Knowledge is a true justified believe of something.
We use our linguistic intuition to figure out differences in meaning. And their uses seem to be already “there” for some reason (possibly linguistic intuition).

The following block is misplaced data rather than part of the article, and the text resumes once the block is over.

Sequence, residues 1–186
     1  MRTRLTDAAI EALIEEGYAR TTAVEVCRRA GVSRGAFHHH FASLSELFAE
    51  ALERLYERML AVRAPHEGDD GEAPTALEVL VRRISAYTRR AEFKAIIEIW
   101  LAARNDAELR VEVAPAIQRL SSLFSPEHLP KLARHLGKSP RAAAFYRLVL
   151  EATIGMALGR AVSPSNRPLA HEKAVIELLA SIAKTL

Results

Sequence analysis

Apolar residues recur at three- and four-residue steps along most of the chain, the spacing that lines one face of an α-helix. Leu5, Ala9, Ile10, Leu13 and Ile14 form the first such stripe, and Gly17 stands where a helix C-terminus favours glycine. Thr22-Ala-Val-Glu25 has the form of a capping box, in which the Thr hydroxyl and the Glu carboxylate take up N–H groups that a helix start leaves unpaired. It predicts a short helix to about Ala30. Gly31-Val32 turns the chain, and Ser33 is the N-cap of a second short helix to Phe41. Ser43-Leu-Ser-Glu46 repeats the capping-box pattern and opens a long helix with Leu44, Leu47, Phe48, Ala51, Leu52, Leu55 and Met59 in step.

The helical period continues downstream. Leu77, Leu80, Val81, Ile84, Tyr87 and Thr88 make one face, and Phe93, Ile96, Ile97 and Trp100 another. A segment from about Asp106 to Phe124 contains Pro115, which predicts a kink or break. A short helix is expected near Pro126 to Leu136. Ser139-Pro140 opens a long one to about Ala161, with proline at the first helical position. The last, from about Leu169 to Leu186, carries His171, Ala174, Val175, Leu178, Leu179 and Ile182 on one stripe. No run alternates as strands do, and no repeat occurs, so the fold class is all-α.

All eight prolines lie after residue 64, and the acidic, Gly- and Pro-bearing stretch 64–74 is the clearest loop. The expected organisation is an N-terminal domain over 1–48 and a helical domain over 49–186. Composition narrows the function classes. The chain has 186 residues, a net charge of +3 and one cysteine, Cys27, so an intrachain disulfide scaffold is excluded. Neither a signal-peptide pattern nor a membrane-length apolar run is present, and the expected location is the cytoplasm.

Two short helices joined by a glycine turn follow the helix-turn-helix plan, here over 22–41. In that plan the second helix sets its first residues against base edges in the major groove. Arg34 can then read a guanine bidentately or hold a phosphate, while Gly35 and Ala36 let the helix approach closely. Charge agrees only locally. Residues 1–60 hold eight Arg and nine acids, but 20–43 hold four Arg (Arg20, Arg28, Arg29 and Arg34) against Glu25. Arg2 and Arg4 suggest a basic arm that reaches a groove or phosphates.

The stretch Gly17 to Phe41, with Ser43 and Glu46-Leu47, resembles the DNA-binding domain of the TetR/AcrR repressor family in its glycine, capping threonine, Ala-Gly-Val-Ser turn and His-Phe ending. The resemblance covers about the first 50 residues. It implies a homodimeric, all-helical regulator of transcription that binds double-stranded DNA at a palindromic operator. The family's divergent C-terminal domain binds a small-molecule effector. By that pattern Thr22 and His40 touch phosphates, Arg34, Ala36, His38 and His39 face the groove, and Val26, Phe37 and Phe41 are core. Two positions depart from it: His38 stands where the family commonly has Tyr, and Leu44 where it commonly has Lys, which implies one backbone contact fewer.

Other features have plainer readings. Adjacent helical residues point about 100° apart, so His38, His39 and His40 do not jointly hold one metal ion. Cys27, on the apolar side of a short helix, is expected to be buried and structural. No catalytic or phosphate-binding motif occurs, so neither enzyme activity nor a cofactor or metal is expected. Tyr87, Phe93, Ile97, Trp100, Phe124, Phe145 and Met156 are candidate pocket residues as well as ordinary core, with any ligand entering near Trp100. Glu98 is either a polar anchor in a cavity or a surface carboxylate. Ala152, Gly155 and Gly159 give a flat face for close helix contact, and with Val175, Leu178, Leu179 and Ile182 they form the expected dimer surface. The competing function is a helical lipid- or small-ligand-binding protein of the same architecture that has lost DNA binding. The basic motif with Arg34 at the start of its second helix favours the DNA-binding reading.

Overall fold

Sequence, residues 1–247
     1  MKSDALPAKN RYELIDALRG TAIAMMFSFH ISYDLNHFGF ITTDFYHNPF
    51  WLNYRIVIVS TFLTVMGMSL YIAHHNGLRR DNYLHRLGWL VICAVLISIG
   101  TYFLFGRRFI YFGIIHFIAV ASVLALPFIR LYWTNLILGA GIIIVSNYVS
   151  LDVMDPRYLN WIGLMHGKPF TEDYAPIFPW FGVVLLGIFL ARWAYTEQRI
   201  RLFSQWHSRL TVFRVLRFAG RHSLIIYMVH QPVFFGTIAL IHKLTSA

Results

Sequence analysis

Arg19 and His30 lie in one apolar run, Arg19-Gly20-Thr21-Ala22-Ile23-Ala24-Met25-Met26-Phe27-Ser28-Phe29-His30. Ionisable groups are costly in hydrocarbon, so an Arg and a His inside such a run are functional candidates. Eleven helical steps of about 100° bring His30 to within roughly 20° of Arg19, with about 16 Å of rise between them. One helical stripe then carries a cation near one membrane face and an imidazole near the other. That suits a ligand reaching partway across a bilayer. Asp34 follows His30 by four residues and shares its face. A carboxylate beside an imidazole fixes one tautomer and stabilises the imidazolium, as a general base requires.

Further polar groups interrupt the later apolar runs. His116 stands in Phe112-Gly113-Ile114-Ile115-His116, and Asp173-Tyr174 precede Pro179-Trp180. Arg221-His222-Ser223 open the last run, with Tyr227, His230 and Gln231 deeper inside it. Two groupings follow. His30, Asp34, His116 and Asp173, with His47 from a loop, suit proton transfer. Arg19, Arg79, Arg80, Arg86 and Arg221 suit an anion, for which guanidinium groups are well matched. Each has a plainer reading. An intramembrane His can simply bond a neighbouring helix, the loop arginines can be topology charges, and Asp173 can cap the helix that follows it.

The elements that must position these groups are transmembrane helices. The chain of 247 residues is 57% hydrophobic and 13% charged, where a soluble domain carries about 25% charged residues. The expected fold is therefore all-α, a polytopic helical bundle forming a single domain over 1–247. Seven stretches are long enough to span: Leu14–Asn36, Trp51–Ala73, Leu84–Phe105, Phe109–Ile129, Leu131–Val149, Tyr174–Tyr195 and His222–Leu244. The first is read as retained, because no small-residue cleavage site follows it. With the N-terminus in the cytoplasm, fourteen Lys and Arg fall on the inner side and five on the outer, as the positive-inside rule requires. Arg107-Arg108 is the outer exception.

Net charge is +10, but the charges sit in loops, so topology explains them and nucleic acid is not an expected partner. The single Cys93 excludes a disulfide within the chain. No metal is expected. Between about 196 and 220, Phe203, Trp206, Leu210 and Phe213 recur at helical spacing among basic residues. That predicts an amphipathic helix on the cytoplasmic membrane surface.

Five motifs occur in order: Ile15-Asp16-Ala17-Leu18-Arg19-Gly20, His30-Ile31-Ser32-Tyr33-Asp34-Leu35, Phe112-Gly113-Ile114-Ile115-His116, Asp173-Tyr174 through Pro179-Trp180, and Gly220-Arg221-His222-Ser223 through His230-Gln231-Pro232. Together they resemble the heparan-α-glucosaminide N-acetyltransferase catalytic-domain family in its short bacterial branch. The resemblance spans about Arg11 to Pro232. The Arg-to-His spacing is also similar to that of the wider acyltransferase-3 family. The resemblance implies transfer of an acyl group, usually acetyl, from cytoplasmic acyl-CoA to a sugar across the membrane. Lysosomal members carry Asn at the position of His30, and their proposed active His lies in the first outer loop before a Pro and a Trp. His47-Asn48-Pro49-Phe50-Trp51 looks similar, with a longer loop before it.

Counter Example: An example that refutes or disproves a hypothesis, proposition, or theorem. We use Counter Example (Opposite scenario/extra condition) - to show that something is wrong i.e. that knowledge does not generally constitute true believe. Counter examples appeal to our intuition. John Austin - Austin claims that all laws are coercive orders that impose duties or obligations on individuals. Laws are commands of a legally unlimited sovereign H.L.A. Hart - Hart says, however, that laws may differ from the commands of a sovereign, because they may apply to those individuals who enact them and not merely to other individuals. Laws may also differ from coercive orders in that they may not necessarily impose duties or obligations but may instead confer powers or privileges. Laws that impose duties or obligations on individuals are described by Hart as "primary rules of obligation." In order for a system of primary rules to function effectively, "secondary rules" may also be necessary in order to provide an authoritative statement of all the primary rules. Primary rules of obligation are not in themselves sufficient to establish a system of laws that can be formally recognized, changed, or adjudicated, says Hart. It must be combined with secondary rules in order to advance from the pre-legal to the legal stage of determination. A legal system may thus be established by a union of primary and secondary rules Secondary rules are necessary to allow legislators to make changes in the primary rules if the primary rules are found to be defective or inadequate. Secondary rules may also be necessary in order to enable courts to resolve disputes over the interpretation and application of the primary rules. The secondary rules of a legal system may thus include 1) rules of recognition, 2) rules of change, and 3) rules of adjudication. Hart argues that the foundations of a legal system do not consist, as Austin claims, of habits of obedience to a legally unlimited sovereign, but instead consist of adherence to, or acceptance of, an ultimate rule of recognition by which the validity of any primary or secondary rule may be evaluated. If a primary or secondary rule satisfies the criteria which are provided by the ultimate rule of recognition, then that rule is legally valid. There are two minimum requirements which must be satisfied in order for a legal system to exist: 1) Private Citizens must generally obey the primary rules of obligation, and 2) Public officials must accept the secondary rules of recognition, change, and adjudication as standards of official conduct. If both of these requirements are not satisfied, then primary rules may only be sufficient to establish a pre-legal form of government. In any legal system, there may be cases in which existing laws are vague or indeterminate and that judicial discretion may be necessary in order to clarify existing laws in these cases. Hart also argues that by clarifying vague or indeterminate laws, judges may actually make new laws. He explains that this argument is rejected by Dworkin, who contends that judicial discretion is not an exercise in making new laws but is a means of determining which legal principles are most consistent with existing laws and which legal principles provide the best justification for existing laws. Dworkin says in Law’s Empire that legal theory may advance from the "preinterpretive stage" (in which rules of conduct are identified) to the "interpretive stage" (in which the justification for these rules is decided upon) to the "postinterpretive stage" (in which the rules of conduct are reevaluated based on what has been found to justify them). A complete legal theory does not merely identify the rules of a legal...
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